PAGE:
We all operate within boundaries, many of them self-imposed while others are societal. What’s good about knowing the limitations of a boundary, is that there is freedom of choice within that space. Freedom Seekers need to reframe their ideas about this new environment to see it as an opportunity with choices.

As a Freedom Seeker, what if you could use this time to …

- Do something creative – write, paint, draw, sing, play music, cook

- Learn something new – read more, take an online course

- Connect - Reach out to friends as well as people you haven’t spoken to in a long time

- Leverage social media – attend Facebook “watch parties”

- Text your friends, get together on Zoom

- Workout - Challenge yourself to find new ways of exercising

If you’re a Structure Seeker you may be silently smiling because you’ve been given a great opportunity to do the things you love to do and do so well.

Even though you’ve been somewhat inconvenienced, the pillars of your life are not threatened. At worst you’re forced to stay off the road and that means not driving to work, meeting a colleague or client at Starbucks, shopping for groceries or going to the gym. When you think about it, you realize you’ve been doing much of your work at home anyway. Now you have more free time to focus and get things done. And you can always send your Freedom Seeker partner out to get essentials.

It is a time to think about your life, relationship and career goals and create a plan to move towards on them under the current conditions and then considering what might work post COVID-19.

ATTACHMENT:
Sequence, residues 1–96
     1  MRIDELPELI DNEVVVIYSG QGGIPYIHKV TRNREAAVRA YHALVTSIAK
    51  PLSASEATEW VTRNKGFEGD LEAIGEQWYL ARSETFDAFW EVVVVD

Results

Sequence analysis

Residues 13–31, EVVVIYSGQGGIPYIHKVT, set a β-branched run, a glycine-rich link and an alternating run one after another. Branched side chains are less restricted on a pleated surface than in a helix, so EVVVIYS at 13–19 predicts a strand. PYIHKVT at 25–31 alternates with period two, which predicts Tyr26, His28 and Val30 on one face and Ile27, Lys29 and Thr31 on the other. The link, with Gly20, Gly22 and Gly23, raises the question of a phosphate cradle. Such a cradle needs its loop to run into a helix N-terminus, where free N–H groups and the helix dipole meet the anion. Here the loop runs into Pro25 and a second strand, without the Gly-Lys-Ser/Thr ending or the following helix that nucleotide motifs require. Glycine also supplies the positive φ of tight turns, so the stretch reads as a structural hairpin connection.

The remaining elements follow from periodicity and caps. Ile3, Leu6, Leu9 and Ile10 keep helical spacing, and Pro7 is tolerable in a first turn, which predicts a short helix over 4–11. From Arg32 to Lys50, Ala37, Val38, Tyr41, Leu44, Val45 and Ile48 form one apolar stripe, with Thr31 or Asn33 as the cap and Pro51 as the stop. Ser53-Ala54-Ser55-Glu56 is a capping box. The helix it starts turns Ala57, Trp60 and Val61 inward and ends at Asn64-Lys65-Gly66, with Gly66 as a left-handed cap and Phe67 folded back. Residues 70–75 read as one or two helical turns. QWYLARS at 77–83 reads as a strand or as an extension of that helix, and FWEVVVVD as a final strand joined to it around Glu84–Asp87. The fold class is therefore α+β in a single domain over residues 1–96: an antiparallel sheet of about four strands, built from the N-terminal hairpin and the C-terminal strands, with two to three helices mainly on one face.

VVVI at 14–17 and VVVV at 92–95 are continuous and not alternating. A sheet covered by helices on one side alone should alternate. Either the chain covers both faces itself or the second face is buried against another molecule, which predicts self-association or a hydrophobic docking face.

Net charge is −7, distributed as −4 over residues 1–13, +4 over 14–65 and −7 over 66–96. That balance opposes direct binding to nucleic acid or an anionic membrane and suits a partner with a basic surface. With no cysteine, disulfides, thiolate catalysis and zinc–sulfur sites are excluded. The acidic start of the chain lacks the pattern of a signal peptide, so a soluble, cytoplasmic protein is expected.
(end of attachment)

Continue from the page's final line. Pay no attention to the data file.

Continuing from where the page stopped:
Is There a Best Way to Regain Control?

Both control types have strengths and weaknesses. But when you are living and working together, it’s the weaknesses that loom large in the respective eyes of our polar opposites.

The isolation is especially uncomfortable for us because it limits our normal patterns. We ordinarily have solutions for being with others which allow for heathy separation – going for walks, going out to work, going on errands, spending time with others. Differences in style are magnified in this artificial but very real living arrangement that has been imposed on people. It makes it easier to find fault with other people’s control-coping styles.

If you're a Structure Seeker, you might attach labels like "procrastinator," "irresponsible," "lazy" and "untrustworthy" to your Freedom loving friends.

On the other hand, The Freedom Lover may view Structure Seekers as "anal retentive," "uptight," “judgmental” and "rigid."

Name calling isn’t going to help. Nor will telling others how to “do it” get you anywhere with your polar opposites. It’s probably a good idea to avoid telling a Structure Seeker “you have to be more flexible,” or telling a Freedom Seeker "you need to come up with a scheduled, prioritized plan, now.”

You Were Meant to Thrive.

COVID-19 is a challenge -- but also an unprecedented opportunity. As we shelter in place, we get to see ourselves under a novel, highly focused lens.

We get to learn about ourselves and how much control we really do have even in the face of a major global threat.

Let’s use it to take back control by remembering what’s important to us and what we value.

Let’s also recommit to being the strong community of people we were meant to be.